Abstract P110: Heart Failure in Rural Sub-Saharan Africa: Etiology and Severity
Background: Heart failure contributes significantly to the noncommunicable disease (NCD) burden in sub-Saharan Africa. However, diagnosis and treatment is largely performed at referral centers. We describe a cohort of patients enrolled in a rural heart failure clinic in Rwanda.
Methods: A longitudinal heart failure clinic was established as part of integrated NCD programs in rural Rwanda. Patients were recruited after hospital discharge and from outpatient acute care clinics. Nurses used simplified diagnostic algorithms incorporating clinical and echocardiographic findings. Diagnoses were confirmed by a cardiologist. Retrospective data from clinical electronic medical records between November 2006 and March 2011 were extracted.
Results: 192 patients had confirmed heart failure. Median age was 35 years, 70% were women, 63% were subsistence farmers, 8% smoked tobacco and the mean adult weight was 53 kg. Forty-seven percent had New York Heart Association Class III or IV symptoms on presentation. Of children <18 years (n=54), rheumatic heart disease (RHD, 48%), congenital heart disease (39%) and dilated cardiomyopathy (DCMP, 9%) were the leading causes. Among adults (n=138), DCMP (54%), RHD (25%) and hypertensive heart disease (8%) were most prevalent. No patient had findings consistent with ischemic heart disease. Among patients with available data (n=157), mean LVEF was 44% (SD 18.8) and 46% had moderate or severe LV dysfunction (LVEF ≤44%). Of patients with available data (n=166), 36% had BP≥140/90 mmHg.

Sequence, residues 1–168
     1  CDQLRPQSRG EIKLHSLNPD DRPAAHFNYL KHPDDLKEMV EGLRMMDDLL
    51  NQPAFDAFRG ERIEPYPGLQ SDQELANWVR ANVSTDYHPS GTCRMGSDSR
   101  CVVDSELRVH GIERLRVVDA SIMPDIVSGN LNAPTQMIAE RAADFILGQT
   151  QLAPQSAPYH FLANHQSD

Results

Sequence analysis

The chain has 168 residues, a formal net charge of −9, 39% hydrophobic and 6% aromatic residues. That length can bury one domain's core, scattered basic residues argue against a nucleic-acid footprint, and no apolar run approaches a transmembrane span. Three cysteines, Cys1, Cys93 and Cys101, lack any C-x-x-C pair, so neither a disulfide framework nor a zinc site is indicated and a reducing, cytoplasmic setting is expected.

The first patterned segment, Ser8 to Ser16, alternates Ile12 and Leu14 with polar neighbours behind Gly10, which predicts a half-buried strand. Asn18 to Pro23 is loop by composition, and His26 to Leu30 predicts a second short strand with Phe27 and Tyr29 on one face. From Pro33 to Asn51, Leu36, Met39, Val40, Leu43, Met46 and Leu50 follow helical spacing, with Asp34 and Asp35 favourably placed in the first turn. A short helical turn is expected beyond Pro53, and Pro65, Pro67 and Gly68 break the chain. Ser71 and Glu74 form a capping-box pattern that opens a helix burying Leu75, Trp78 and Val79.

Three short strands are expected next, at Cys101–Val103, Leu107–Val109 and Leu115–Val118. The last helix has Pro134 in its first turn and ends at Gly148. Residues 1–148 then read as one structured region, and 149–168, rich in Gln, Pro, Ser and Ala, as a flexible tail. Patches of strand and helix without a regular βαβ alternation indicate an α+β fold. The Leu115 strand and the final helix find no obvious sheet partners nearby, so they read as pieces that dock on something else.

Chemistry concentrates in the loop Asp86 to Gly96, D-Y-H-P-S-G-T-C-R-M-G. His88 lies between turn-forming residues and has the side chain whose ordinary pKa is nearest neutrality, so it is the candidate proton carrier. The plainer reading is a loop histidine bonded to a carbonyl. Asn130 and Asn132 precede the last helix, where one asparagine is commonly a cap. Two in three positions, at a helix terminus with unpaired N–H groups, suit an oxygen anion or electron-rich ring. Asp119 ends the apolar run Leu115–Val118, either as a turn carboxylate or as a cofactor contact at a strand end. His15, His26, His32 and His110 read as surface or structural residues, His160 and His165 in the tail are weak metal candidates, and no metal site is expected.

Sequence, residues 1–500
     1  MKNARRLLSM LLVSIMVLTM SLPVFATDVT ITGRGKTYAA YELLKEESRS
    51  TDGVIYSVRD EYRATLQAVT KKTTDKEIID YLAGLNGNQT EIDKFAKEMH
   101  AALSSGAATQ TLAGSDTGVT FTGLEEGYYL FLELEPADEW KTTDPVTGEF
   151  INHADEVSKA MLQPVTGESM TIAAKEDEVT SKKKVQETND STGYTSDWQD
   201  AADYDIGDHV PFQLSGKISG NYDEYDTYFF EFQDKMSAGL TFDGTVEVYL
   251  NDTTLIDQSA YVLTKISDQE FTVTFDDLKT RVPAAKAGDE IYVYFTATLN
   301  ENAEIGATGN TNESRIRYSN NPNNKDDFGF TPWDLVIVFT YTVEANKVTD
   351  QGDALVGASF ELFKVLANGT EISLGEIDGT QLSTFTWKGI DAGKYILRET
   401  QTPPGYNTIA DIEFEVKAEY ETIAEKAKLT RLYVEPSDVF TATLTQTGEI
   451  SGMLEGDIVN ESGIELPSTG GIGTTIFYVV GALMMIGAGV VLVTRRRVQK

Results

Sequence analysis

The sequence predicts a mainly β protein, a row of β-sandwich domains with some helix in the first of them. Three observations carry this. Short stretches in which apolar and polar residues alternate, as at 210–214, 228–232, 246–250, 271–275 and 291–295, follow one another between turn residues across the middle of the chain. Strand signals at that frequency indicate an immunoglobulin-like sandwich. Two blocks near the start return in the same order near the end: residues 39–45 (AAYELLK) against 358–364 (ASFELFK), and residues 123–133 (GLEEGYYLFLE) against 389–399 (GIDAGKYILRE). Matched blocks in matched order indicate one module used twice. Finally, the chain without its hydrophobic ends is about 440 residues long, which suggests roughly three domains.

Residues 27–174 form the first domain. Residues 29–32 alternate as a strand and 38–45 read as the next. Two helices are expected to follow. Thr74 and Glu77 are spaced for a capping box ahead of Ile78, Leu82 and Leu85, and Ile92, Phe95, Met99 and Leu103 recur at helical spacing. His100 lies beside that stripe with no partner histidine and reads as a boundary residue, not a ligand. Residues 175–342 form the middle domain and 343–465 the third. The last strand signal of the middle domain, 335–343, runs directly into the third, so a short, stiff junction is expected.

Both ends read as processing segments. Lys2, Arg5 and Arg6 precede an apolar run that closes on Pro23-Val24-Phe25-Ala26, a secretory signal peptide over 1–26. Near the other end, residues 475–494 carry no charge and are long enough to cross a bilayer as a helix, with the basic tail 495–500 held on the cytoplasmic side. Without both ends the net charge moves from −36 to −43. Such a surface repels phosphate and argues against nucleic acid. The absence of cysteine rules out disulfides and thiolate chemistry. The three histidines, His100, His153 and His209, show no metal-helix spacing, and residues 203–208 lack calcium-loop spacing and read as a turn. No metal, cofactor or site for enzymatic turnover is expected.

Conclusion: Patients presenting with heart failure in rural Rwanda are generally young, women and active subsistence farmers while the prevalence of traditional cardiovascular risk factors are relatively low. Symptoms are advanced at the time of presentation while the causes of heart failure are generally endemic, and not related to ischemic heart disease. Decentralized services for heart failure diagnosis and management are needed to address this current burden.
- © 2013 by American Heart Association, Inc.